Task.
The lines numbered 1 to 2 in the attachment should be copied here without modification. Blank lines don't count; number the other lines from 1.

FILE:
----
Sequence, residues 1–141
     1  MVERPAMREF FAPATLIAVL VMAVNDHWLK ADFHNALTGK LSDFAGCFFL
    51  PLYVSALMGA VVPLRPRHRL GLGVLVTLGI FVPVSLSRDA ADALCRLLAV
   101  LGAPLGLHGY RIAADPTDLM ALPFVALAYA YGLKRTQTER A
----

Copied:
Sequence, residues 1–141
     1  MVERPAMREF FAPATLIAVL VMAVNDHWLK ADFHNALTGK LSDFAGCFFL